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Mono: Not Just For Kissing Teenagers

Everyone has heard of mono, short for mononucleosis, but there is a lot that is misunderstood about it. I have seen 4 kids in the last couple of weeks with mono, so it seems to be making a little bit of local resurgence.

What is mono?

Mono is short for mononucleosis. It is caused by the Epstein-Barr virus (EBV) which is in the Herpes virus family. Like other herpes viruses once you get it, you have it for life. It isn’t always active though, it stays in the body latent (just hanging out doing nothing) and can be reactivated. So yes, it is possible to get mono more than once.  It can happen at any age, but is most common in people between the ages of 15-30. Most adults have been exposed to the test at some point in their life (they just may not have known it).

How do you get mono?

Everyone thinks of mono as the “kissing disease” since it can be passed that way. However, you can get mono anytime spit is swapped. Saliva can be passed by sharing drinks, toothbrushes, and eating utensils. The virus has even been detected in mucous and tears (although those aren’t classic methods of spread). It can also be spread through semen (sexual contact). Humans are the only known carriers to EBV (meaning, you can’t get it from your dog or cat).

Common mono signs and symptoms:

  1. Sore throat
  2. Fever (+/- chills)
  3. Swollen lymph nodes (a.k.a. lymphadenopathy)
  4. Fatigue
  5. Headache
  6. Puffy eyelids
  7. Enlarged liver and spleen (the doctor should check for this)

How is mono diagnosed?

Whenever a doctor suspects mono, he/she will do a physical exam. Certain findings (red throat, swollen glands, enlarged liver and/or spleen) are highly suggestive of mono. However, the definitive diagnosis is made by a specific blood test. There is quick test called a “mono spot,” but it isn’t completely reliable (there are a fair number of false results) and doesn’t distinguish between active and past infection. The most accurate testing is from a complete blood draw (it enables a doctor to determine if a patient has a current, active infection or a past/latent infection).

Tricky tests, how mono is misdiagnosed:

So mono is tricky, because a patient will come in with a sore throat, fever, some swollen lymph nodes, and not feel very good. The doc will look in the patient’s throat, discover that it looks red and may even have little pus pockets (in medicine we call those “exudates”). Naturally, the doctor will think that the patient has strep throat (after all, it’s far more common) and do a rapid strep. So here’s the crazy thing, the rapid test can be positive (even though the kid doesn’t have strep). It’s a fault of the test, a true false positive. The doc will believe it (because the picture fits) and write a script for penicillin (commonly amoxicillin). The patient will take the medicine and within a few doses, break out in a horrible red rash.  The virus reacts with the medicine and creates the rash. The rash should clue the doctor (and now you), to look for mono. The good news is that once the patient stops the medicine, the rash will gradually resolve and not cause any long term problems.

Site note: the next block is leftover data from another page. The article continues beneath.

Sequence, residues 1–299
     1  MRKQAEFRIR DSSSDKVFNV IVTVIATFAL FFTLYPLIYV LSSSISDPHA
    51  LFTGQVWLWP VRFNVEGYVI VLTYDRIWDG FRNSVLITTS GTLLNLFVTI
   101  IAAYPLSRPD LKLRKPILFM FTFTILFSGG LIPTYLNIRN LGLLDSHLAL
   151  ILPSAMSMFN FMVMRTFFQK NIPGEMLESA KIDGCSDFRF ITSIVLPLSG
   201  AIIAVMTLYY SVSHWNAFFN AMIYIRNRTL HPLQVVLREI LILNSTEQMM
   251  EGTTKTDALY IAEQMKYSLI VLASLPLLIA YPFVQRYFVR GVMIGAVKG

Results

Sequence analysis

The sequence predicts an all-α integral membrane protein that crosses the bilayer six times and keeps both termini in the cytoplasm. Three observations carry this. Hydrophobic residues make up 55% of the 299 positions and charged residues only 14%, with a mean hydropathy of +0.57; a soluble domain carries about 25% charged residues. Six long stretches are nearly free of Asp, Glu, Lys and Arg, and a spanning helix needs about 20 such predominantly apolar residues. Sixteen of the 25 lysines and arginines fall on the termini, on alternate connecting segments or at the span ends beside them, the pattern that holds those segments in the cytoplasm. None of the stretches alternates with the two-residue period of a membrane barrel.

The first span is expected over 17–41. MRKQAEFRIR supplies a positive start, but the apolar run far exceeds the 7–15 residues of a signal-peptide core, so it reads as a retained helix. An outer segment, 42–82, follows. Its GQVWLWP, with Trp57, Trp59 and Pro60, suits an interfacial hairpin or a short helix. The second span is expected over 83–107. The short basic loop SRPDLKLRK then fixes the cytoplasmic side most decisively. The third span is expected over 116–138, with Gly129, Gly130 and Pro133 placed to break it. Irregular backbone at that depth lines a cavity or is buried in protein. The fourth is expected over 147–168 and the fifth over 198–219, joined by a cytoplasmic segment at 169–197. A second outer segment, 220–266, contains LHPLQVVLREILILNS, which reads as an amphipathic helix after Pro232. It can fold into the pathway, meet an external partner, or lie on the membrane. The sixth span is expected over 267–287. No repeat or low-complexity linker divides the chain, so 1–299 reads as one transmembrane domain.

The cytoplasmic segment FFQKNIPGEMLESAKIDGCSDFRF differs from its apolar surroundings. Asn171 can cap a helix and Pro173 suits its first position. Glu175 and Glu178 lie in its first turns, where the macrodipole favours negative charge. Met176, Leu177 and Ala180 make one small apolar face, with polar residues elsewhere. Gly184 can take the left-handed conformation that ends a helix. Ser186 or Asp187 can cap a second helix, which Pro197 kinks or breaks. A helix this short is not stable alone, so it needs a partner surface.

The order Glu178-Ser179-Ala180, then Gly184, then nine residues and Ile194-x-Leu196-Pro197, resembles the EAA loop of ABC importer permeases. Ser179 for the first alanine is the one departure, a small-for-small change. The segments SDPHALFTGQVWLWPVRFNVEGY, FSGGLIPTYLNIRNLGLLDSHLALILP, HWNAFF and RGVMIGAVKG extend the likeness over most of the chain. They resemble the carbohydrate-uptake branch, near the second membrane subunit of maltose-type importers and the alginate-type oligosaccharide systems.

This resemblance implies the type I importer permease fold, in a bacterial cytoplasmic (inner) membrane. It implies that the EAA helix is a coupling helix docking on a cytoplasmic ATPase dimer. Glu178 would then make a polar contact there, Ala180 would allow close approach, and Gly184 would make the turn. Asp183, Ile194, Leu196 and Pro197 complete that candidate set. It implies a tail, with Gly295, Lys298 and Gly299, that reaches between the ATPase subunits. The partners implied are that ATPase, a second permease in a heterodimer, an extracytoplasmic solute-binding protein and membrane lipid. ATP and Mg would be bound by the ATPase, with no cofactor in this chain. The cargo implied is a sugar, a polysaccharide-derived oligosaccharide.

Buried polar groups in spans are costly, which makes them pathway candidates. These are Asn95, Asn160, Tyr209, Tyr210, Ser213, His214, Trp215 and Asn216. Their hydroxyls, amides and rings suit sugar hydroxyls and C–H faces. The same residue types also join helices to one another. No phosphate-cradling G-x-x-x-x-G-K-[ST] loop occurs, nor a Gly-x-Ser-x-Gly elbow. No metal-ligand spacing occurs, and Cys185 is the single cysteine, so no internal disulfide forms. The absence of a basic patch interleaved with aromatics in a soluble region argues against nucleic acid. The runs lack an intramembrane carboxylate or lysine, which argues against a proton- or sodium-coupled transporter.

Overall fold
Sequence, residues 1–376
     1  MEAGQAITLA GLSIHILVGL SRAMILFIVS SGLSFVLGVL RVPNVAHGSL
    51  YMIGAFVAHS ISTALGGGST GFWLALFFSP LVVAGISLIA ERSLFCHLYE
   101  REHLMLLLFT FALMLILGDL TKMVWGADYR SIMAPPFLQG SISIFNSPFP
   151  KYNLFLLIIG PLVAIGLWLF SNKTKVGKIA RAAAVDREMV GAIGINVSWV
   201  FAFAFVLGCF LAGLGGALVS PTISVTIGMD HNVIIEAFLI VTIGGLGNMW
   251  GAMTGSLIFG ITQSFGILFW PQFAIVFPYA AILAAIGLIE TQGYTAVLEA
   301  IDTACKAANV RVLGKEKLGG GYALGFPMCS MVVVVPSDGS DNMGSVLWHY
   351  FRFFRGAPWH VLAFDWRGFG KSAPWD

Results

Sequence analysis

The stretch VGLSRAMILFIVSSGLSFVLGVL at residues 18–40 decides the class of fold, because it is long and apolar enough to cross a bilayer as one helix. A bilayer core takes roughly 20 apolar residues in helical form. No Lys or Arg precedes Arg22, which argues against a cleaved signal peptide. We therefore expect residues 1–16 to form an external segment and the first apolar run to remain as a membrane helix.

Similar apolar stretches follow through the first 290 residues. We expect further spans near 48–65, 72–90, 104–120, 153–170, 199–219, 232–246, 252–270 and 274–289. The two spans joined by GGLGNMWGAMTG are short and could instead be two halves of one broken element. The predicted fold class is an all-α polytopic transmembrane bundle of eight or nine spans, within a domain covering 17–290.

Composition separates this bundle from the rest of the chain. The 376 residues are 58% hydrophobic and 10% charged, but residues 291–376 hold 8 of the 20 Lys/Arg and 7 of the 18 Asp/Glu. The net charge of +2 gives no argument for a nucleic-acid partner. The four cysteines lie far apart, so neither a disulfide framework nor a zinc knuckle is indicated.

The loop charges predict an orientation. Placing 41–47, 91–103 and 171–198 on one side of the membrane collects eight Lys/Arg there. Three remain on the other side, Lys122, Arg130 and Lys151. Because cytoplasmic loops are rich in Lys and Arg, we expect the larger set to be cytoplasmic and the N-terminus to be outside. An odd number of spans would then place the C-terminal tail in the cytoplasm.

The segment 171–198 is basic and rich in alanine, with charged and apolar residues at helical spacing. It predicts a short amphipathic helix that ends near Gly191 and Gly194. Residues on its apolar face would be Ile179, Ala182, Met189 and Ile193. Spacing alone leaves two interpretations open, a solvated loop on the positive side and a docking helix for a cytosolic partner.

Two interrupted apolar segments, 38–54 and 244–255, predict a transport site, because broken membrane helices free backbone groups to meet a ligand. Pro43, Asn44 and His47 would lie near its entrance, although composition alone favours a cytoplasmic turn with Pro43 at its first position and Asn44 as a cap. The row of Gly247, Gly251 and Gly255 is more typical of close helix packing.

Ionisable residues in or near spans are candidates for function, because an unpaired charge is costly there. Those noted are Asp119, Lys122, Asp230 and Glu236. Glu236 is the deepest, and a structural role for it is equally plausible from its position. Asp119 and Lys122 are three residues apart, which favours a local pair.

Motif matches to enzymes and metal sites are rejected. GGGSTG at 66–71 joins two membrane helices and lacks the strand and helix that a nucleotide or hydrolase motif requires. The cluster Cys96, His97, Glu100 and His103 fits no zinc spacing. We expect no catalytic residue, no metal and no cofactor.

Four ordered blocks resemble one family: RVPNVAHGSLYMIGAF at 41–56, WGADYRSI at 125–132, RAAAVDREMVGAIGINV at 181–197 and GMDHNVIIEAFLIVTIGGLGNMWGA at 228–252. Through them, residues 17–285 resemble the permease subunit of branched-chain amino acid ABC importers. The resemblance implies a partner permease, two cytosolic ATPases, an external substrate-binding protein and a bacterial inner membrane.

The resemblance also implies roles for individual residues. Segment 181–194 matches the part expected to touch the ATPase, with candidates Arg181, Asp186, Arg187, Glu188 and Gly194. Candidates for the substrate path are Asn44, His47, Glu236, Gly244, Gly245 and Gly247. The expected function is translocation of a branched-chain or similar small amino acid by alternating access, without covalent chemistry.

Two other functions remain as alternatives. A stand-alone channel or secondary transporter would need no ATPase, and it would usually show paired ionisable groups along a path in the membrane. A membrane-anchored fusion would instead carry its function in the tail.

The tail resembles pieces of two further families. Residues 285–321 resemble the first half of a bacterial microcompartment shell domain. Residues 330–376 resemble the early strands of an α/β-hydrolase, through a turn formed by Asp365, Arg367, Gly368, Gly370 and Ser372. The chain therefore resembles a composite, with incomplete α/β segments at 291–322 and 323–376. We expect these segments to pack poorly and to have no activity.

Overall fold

This risk of missing mono is the reason that I always examine a patient’s abdomen when they come in with complaints of sore throat. Strep throat doesn’t cause enlarged livers and spleens, where mono does. Taking the extra one minute to feel a patients belly is a good insurance policy to not missing the diagnosis.

The rare, but crazy complications:

The vast majority of the time, when a person gets mono, they recover without complications. However, it the spirit of full disclosure, there are rare complications that can happen. They include:

  1. Anemia
  2. Meningitis
  3. Cancer
  4. Encephalitis (inflammation of the brain)
  5. Guillain-Barré syndrome (a paralyzing disorder)
  6. Thrombocytopenia (low platelets)
  7. Myocarditis (inflammation of the heart)

How is mono treated?

Unfortunately, there isn’t a cure for mono/EBV. An antibiotic won’t do any good since it’s a virus. There also isn’t a vaccine to prevent it. All the treatment is aimed at what we call “supportive measures.” For example, if there is a fever or sore throat, you may use some Tylenol or Motrin. Treat the fatigue with lots of rest. There is one important element to the treatment that is often overlooked. Kids with active mono shouldn’t engage in any contact sports. With mono, the spleen can get enlarged. When the spleen is enlarged, it is at risk of rupture if it gets hit/injured. If you rupture your spleen, you will have serious internal bleeding and can bleed to death.

Now if the patient has any of the serious complications, then treatment may be aimed at addressing those complications. All of those circumstances should be addressed by a medical doctor (as many are life threatening).

How long does mono last?

Again, this is an unfortunate virus. While most viruses last 7-10 days, this one can last weeks to months (in terms of active symptoms). The other thing that is a little tricky about this virus is its long incubation period (meaning the time it takes between being exposed to the virus and showing symptoms of it). The incubation period can be up to 6 weeks. That sort of delay, can make it hard to determine if other kids in the family have it or where someone got it in the first place.